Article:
We've been getting some funny looks in the LA Convention centre today; and it's nothing to do with our boyish good looks. No, it's because we're walking around covered in a puddle of drool, left by the stellar Command & Conquer 3 demonstration we spied this morning.
Command & Conquer 3: Tiberium Wars is the first 'proper' C&C game for almost seven years, and in a behind closed doors preview we were shown a number of FMV trailers and gameplay demonstrations showing off the new king of RTS.
The first trailer demoed to us was a compilation of live action cut-scenes explaining the origins of GDI and Nod, the two famous sides from the C&C universe. The first thing we noticed were the impressive production values, which were a whole world above the Channel 5-esque efforts we know and love from C&C games of old. The trailer showed bustling government buildings and sterile labs as the narrator explained the grip the mysterious resource of tiberium now has on the planet.
News reports and instantly recognisable war scenes littered the remainder of the trailer, before finishing on a cliff hanger almost-certainly confirming the identity of the mysterious third side promised for the game. "And then they came..." utters the narrator, as the camera pans toward an earth now gripped by green tiberium. This strongly suggests that the third playable side will be hostile aliens (originally penned to appear in the last Tiberium game, Tiberian Sun) who are, in all inevitability, also the reason that Tiberium started turning up in the first place. Terraforming anyone?
Moving on to the gameplay matters, the chaps at EA booted up an early GDI training mission set in a war-torn desert. The environment was the same as that seen in recently released print screens, with burned-out cars and destroyed buildings littering the dusty roadside. The heavily enhanced Generals engine now touts brand new shading system with next-gen smoke, explosions and dust. What's more veteran C&C fans will be pleased to hear that Tiberium Wars' soundtrack and visuals are a very familiar affair, with EVA chirping out advice, the much-loved money-ticker beeping away in the corner and units delivering a plethora of witty lines.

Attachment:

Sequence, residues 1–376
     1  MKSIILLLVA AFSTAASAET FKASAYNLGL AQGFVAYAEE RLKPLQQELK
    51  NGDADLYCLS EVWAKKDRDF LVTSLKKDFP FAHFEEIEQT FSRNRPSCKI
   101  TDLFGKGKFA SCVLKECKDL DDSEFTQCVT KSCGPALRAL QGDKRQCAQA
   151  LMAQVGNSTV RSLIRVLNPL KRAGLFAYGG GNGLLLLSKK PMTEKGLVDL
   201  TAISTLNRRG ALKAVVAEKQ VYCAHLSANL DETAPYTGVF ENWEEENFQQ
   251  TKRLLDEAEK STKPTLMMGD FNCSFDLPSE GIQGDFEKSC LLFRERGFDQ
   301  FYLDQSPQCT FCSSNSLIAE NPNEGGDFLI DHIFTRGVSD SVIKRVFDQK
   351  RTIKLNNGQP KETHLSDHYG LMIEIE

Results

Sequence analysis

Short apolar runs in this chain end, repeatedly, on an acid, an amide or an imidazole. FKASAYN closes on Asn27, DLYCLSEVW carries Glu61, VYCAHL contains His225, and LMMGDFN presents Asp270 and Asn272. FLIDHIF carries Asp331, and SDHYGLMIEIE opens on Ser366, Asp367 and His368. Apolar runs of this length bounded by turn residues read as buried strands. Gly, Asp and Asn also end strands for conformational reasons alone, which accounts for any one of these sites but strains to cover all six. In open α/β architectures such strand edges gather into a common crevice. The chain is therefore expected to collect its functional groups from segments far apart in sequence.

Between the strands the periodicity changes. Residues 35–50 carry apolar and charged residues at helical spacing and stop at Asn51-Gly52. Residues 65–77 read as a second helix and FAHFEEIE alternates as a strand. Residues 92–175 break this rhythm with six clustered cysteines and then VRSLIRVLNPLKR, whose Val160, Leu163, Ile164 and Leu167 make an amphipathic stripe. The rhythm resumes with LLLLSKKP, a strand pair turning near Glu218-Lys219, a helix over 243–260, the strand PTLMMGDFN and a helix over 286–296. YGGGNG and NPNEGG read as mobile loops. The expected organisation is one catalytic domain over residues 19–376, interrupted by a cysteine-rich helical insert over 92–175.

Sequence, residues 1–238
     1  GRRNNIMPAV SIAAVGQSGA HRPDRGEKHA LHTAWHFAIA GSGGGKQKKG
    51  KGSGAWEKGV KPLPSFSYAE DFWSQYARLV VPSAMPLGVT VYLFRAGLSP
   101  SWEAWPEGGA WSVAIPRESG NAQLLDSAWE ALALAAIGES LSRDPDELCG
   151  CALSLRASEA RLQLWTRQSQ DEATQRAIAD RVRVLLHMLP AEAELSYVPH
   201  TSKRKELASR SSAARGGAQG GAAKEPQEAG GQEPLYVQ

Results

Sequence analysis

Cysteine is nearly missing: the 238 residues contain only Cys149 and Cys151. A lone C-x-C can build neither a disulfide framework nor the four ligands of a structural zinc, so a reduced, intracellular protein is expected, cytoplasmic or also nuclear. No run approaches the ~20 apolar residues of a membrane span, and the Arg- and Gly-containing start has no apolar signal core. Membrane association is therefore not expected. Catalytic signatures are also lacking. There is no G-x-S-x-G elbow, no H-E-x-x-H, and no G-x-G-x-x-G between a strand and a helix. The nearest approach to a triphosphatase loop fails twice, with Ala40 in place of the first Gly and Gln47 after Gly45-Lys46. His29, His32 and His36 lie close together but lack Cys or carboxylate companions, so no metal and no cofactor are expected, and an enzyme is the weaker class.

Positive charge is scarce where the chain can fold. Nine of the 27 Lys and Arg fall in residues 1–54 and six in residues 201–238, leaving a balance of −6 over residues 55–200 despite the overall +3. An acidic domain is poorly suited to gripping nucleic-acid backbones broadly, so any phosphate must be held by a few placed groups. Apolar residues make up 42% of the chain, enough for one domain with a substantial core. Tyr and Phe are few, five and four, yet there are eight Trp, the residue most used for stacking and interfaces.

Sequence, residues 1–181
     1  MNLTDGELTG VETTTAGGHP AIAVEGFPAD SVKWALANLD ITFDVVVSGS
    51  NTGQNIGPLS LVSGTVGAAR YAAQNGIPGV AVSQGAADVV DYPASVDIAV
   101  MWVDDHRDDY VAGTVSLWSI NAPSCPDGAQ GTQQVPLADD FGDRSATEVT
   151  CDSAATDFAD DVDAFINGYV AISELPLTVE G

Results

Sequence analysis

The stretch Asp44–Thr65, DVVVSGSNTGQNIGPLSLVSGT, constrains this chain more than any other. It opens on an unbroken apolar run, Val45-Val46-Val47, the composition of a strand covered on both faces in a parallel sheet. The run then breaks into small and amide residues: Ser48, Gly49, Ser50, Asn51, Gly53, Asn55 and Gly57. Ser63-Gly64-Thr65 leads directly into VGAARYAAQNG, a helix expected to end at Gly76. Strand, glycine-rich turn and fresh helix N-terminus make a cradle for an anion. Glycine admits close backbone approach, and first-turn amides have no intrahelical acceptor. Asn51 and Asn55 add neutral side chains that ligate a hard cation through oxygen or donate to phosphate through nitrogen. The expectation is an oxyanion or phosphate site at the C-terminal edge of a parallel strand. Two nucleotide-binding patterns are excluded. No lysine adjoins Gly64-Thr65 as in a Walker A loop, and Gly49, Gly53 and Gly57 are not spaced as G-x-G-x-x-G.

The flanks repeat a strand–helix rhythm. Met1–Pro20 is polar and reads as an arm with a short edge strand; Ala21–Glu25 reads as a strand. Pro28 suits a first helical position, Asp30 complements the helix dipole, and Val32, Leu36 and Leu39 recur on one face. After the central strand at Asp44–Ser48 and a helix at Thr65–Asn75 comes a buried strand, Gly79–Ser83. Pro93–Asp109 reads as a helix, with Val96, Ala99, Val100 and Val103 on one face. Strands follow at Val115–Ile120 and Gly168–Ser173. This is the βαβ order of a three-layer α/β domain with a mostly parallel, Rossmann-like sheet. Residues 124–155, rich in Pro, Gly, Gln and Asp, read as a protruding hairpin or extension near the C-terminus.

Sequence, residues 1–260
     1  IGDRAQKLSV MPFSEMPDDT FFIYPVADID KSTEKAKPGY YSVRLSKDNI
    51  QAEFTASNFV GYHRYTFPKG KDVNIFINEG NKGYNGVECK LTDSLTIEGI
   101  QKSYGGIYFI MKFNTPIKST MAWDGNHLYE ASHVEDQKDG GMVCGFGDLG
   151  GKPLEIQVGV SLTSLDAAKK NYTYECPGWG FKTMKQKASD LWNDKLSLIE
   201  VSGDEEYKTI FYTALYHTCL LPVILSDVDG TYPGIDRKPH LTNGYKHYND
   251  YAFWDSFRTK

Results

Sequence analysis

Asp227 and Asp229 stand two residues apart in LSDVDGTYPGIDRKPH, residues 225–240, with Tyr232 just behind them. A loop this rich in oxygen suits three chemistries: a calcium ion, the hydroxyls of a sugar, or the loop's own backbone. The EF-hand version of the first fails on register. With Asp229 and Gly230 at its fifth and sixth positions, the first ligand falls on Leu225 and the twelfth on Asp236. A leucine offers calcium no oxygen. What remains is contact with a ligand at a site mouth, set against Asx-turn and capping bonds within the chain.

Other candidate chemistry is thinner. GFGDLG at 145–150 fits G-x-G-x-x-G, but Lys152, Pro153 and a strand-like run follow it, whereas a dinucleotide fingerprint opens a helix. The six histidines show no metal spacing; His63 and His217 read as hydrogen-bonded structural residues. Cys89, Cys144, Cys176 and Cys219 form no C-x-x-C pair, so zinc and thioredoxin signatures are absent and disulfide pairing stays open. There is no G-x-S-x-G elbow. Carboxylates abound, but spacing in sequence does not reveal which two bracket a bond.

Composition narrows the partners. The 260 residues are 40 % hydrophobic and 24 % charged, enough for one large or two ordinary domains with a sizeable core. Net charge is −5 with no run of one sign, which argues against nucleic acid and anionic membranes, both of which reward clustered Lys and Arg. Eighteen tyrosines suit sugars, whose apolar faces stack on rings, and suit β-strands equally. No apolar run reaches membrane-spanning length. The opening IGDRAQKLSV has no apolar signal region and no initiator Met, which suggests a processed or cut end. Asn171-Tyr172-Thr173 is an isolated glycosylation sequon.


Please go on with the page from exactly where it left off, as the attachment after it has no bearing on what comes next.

The presentation continued with the map being scouted by a pair of hovering Orca aircraft, each bump-mapped to visual perfection. The Orcas hovered across the desert landscape swirling dust and casting near-perfect shadows, taking a detour over an off-shore Aircraft carrier before spying some Nod forces barricaded inside a building. The Orcas then assaulted the Nod building, showing off the game's impressive damage simulation as bits or rubble and concrete were realistically flung off.
To finish off the demo two hulking Mammoth tanks where brought in, who with their giant twin barrels blew the living snot out of the barricaded buildings and bellowed some humerous one-liners to boot.
C&C fans should be excited. The units, the cut-scenes, the rock soundtrack: it's all here and looking rather lovely under its next-gen sheen. Tiberium Wars isn't due out until next year, but we hope to see more of the game very soon.
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